Otto Weidinger

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Otto Weidinger
Bundesarchiv Bild 146-1984-101-05A, Otto Weidinger.jpg
Born (1914-05-27)27 May 1914
Würzburg, German Empire
Died 10 January 1990(1990-01-10) (aged 75)
Aalen, Germany
Allegiance  Nazi Germany
Service/branch Flag of the Schutzstaffel.svg Waffen-SS
Years of service 1934–45
Rank Obersturmbannführer
Battles/wars World War II
Awards Knight's Cross of the Iron Cross with Oak Leaves

Otto Weidinger (27 May 1914 – 10 January 1990) was a member of the Waffen-SS in Nazi Germany and a regimental commander in the SS Division Das Reich during World War II. In this capacity, he was involved in the Oradour massacre in France in June 1944. He was the author of a revisionist account of the division's history, produced under the auspices of HIAG, a Waffen-SS lobby group in post-war West Germany.

World War II[edit]

Born in 1914, Otto Weidinger enlisted in the SS-Verfügungstruppe (SS-VT) (precursor to the Waffen-SS) in April 1934. His first assignment was as a camp guard at the Dachau concentration camp. With the SS Division Das Reich, he participate in the invasion of Poland and in the Battle of the Netherlands. During Operation Barbarossa, the invasion of the Soviet Union, he served on the divisional staff. In 1943, Weidinger was posted to the SS Regiment "Germania" and took part in the Battle of Kursk. In April 1944, Weidinger was awarded the Knight's Cross of the Iron Cross. He was promoted to command of the 4th SS Panzer-Grenadier Regiment "Der Führer" stationed in Normandy coastline.[citation needed]

When World War II ended, Weidinger was held at the Dachau internment camp administered by the US Army. In August 1947, he was transferred to French custody, where he was charged with war crimes and stood trial in 1951. Weidinger was acquitted by a military court in Bordeaux in June 1951. At the trial of the perpetrators of the Oradour-sur-Glane massacre in Bordeaux in January 1953, Weidinger was a witness for the defense.

Post-war apologia[edit]

From 1967 to 1982, Weidinger wrote the history of Regiment "Der Führer" and a six-volume history of "Das Reich" published by the right-wing Munin Verlag (de), which was owned by HIAG, a Waffen-SS lobby group. The narrative was extensive and strove for a so-called official representation of the division's history, backed by maps and operational orders. "No less than 5 volumes and well over 2,000 pages were devoted to the doings of the 2nd Panzer Division Das Reich", writes the military historian S.P. MacKenzie.[1]

Munin Verlag's expressed aim was to publish the "war narratives" of former Waffen-SS members, and their titles did not go through the rigorous fact-checking processes common in traditional historical works; they were revisionist accounts unedited by professional historians and presented the former Waffen-SS members' version of events.[2] The Das Reich divisional history, like other HIAG publications, focused on the positive, "heroic" side of National Socialism. The French author Jean-Paul Picaper, who studied the Oradour massacre, notes the tendentious nature of Weidinger's narrative: it provided a sanitized version of history without any references to war crimes.[3]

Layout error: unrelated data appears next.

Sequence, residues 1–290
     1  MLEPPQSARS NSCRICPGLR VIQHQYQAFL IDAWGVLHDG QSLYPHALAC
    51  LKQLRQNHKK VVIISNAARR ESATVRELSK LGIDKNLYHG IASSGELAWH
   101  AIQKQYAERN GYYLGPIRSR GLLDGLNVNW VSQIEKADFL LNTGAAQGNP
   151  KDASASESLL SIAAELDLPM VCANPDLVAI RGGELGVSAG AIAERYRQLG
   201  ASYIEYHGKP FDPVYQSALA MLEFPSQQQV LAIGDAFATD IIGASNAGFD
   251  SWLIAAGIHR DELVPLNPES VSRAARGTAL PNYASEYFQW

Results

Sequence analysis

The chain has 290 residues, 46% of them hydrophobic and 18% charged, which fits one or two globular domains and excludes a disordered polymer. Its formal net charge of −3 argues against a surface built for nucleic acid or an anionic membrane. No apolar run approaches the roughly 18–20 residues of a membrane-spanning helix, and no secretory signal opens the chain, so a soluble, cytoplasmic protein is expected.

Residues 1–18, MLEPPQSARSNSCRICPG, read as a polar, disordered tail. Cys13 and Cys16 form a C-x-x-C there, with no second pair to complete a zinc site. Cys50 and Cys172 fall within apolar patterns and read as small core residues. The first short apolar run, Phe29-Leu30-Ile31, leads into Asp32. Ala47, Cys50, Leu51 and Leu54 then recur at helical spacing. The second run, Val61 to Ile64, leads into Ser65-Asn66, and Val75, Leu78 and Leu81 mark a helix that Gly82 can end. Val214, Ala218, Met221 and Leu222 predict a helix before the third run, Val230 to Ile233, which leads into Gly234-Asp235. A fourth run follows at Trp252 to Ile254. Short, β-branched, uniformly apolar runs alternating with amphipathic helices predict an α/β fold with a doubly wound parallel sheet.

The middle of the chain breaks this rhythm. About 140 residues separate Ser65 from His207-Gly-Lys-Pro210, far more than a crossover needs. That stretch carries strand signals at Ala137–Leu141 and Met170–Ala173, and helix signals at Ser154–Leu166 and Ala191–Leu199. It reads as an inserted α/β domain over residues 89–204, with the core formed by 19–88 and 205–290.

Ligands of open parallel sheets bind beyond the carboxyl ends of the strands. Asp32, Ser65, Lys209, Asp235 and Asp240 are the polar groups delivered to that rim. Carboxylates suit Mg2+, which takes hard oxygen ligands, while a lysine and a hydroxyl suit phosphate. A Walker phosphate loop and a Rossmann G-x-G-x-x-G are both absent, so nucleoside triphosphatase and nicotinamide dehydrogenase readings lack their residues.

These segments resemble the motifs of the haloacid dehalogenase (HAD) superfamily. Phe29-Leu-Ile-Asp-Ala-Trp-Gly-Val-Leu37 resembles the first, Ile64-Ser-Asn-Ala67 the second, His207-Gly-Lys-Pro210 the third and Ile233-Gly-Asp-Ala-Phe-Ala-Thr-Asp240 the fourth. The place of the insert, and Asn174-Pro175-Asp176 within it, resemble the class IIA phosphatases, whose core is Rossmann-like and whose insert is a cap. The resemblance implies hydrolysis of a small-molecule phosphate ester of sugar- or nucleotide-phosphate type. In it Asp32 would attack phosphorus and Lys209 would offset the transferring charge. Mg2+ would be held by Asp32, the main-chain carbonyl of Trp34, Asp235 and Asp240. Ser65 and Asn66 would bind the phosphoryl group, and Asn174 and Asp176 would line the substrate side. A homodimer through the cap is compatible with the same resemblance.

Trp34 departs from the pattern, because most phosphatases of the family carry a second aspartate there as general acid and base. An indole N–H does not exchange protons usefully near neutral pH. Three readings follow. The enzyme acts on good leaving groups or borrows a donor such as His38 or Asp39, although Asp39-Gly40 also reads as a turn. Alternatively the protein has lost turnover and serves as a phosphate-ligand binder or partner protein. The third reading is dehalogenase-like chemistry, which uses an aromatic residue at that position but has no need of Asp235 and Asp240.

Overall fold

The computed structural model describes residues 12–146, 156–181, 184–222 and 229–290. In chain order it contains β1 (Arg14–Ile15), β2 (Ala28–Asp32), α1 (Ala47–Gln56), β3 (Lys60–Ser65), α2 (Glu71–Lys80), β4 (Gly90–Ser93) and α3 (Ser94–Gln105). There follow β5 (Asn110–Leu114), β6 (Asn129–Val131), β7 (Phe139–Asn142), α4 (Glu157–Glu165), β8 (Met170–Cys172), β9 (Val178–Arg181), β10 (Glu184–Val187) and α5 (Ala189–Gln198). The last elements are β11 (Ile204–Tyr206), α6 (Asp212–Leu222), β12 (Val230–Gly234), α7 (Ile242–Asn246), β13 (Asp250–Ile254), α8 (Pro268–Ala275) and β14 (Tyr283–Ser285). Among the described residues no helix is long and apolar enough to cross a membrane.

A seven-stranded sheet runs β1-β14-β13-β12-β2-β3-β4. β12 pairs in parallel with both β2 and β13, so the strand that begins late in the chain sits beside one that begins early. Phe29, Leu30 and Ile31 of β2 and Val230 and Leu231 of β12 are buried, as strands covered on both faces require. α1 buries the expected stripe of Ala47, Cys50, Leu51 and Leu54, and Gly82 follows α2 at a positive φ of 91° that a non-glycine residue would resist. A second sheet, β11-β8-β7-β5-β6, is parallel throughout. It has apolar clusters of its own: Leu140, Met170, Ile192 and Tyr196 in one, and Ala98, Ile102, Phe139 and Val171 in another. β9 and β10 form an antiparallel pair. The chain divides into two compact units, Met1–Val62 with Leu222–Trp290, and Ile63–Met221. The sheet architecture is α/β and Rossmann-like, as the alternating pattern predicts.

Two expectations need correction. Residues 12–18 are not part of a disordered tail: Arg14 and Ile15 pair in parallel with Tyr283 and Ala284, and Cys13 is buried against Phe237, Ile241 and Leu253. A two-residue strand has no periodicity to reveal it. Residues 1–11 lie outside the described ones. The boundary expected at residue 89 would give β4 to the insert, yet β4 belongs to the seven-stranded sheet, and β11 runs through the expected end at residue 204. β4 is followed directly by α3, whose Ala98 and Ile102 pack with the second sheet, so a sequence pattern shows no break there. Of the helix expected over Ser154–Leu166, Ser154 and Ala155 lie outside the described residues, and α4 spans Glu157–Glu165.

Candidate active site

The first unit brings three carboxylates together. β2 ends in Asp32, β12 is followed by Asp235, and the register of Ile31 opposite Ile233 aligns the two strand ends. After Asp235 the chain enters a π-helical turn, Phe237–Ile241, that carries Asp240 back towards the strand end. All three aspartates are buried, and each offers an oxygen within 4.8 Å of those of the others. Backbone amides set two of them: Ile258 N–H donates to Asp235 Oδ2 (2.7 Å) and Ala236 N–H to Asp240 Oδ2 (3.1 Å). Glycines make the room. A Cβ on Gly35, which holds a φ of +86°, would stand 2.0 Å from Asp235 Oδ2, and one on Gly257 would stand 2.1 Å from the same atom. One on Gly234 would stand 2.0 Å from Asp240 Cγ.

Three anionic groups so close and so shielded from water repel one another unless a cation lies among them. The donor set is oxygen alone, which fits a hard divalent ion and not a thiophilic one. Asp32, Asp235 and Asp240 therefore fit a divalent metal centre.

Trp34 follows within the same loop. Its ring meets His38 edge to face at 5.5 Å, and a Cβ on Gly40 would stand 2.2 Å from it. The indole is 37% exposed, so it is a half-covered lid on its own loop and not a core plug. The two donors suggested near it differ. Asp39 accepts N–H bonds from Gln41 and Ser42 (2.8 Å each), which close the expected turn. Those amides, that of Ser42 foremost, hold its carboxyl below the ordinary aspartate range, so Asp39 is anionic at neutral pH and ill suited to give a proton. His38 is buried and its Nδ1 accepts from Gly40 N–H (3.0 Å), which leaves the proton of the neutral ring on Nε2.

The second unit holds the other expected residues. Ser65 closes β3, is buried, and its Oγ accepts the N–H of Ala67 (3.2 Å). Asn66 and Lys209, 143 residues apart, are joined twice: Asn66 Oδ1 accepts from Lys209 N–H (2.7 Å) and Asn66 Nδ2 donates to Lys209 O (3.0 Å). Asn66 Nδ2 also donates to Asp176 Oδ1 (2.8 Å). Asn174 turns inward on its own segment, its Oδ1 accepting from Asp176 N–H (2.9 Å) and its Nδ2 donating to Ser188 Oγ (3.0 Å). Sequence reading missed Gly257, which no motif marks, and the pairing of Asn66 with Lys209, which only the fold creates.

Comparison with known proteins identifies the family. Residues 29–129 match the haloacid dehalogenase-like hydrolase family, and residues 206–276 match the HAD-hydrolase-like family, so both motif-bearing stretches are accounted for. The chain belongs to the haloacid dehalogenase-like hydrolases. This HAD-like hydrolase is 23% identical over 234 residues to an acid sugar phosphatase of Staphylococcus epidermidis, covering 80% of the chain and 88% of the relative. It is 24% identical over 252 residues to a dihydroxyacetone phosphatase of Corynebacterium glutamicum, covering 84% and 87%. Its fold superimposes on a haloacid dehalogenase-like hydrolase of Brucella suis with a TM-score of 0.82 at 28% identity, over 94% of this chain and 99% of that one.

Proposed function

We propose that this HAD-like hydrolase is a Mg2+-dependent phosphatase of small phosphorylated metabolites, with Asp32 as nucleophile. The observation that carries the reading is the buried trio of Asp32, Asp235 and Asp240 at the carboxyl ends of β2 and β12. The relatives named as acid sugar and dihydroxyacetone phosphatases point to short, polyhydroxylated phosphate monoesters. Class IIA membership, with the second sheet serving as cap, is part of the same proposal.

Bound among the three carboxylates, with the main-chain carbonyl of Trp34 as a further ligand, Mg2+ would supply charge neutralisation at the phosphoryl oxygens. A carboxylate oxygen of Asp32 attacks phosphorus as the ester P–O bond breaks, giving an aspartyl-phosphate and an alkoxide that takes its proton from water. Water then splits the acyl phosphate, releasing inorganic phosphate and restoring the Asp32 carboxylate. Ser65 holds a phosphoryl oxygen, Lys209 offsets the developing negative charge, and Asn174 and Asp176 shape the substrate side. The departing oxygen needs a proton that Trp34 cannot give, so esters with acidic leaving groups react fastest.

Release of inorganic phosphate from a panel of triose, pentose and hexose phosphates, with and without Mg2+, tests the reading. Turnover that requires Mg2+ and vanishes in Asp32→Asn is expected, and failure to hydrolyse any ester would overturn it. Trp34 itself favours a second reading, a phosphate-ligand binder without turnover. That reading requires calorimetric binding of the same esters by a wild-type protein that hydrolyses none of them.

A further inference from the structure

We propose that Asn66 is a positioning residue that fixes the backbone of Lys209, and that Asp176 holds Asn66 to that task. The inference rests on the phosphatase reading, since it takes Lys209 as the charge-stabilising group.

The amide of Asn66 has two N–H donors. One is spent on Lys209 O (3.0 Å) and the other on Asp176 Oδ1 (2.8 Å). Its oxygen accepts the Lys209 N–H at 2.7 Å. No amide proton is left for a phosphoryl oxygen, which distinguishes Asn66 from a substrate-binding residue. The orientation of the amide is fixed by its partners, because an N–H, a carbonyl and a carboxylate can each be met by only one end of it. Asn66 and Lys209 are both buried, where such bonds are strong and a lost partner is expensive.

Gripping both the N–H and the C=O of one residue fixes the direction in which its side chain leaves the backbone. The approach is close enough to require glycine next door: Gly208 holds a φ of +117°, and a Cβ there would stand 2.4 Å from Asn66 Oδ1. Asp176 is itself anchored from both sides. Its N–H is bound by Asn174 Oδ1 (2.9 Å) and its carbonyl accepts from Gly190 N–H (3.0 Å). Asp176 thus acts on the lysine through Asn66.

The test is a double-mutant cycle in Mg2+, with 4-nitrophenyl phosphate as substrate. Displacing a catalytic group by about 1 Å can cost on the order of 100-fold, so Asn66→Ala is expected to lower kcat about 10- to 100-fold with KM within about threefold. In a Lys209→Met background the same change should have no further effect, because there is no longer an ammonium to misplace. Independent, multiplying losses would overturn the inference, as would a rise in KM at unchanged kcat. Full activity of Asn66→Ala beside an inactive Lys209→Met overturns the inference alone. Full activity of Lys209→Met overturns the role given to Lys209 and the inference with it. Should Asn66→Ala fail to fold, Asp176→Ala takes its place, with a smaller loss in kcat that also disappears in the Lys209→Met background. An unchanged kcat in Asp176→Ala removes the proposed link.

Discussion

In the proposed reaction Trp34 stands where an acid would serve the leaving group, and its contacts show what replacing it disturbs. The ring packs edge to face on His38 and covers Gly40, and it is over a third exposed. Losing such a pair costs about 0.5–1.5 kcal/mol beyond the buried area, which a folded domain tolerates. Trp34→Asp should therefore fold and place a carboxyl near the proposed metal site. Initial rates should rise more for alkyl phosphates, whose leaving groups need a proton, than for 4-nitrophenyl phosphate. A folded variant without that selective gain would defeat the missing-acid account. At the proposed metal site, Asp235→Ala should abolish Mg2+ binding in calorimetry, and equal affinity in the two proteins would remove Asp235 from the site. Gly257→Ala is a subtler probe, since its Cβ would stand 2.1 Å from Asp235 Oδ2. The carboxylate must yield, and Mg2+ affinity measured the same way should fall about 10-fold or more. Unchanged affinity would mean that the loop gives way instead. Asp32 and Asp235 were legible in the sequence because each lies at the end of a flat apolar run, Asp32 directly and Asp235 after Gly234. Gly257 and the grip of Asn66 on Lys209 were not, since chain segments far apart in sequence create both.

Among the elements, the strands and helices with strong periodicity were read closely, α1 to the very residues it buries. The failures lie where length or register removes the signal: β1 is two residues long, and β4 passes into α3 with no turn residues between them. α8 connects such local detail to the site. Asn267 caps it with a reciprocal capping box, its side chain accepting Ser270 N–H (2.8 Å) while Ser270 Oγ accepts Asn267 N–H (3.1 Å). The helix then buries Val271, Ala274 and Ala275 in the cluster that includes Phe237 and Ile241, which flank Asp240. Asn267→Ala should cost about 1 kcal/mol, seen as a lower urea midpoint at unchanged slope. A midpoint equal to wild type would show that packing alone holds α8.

In 1984, Weidinger self-published a revisionist account of the Tulle massacre, Tulle and Oradour. A German-French tragedy. Re-issued after his death, by the right-wing Nation und Europa, it was subsequently banned in France.

Awards[edit]

References[edit]

Citations[edit]

  1. ^ MacKenzie 1997, p. 138.
  2. ^ Wilke 2011, p. 379.
  3. ^ Picaper 2014.
  4. ^ Thomas 1998, p. 424.
  5. ^ Patzwall & Scherzer 2001, p. 501.
  6. ^ Scherzer 2007, p. 773.
  7. ^ Scherzer 2007, p. 184.

Bibliography[edit]

  • MacKenzie, S.P. (1997). Revolutionary Armies in the Modern Era: A Revisionist Approach. New York: Routledge. ISBN 978-0-415-09690-4. 
  • Parker, Danny S. (2014). Hitler's Warrior: The Life and Wars of SS Colonel Jochen Peiper. Boston: Da Capo Press. ISBN 978-0-306-82154-7. 
  • Patzwall, Klaus D.; Scherzer, Veit (2001). Das Deutsche Kreuz 1941 – 1945 Geschichte und Inhaber Band II [The German Cross 1941 – 1945 History and Recipients Volume 2] (in German). Norderstedt, Germany: Verlag Klaus D. Patzwall. ISBN 978-3-931533-45-8. 
  • Picaper, Jean-Paul (2014). Les Ombres d'Oradour: 10 Juin 1944 [The Shadows of Oradour: 10 June 1944] (in French). Paris: Éditions l'Archipel. ISBN 978-2-8098-1467-5. 
  • Scherzer, Veit (2007). Die Ritterkreuzträger 1939–1945 Die Inhaber des Ritterkreuzes des Eisernen Kreuzes 1939 von Heer, Luftwaffe, Kriegsmarine, Waffen-SS, Volkssturm sowie mit Deutschland verbündeter Streitkräfte nach den Unterlagen des Bundesarchives [The Knight's Cross Bearers 1939–1945 The Holders of the Knight's Cross of the Iron Cross 1939 by Army, Air Force, Navy, Waffen-SS, Volkssturm and Allied Forces with Germany According to the Documents of the Federal Archives] (in German). Jena, Germany: Scherzers Militaer-Verlag. ISBN 978-3-938845-17-2. 
  • Thomas, Franz (1998). Die Eichenlaubträger 1939–1945 Band 2: L–Z [The Oak Leaves Bearers 1939–1945 Volume 2: L–Z] (in German). Osnabrück, Germany: Biblio-Verlag. ISBN 978-3-7648-2300-9. 
  • Wilke, Karsten (2011). Die "Hilfsgemeinschaft auf Gegenseitigkeit" (HIAG) 1950–1990: Veteranen der Waffen-SS in der Bundesrepublik [HIAG 1950–1990: Waffen-SS veterans in the Federal Republic] (in German). Paderborn: Schoeningh Ferdinand GmbH. ISBN 978-3-506-77235-0.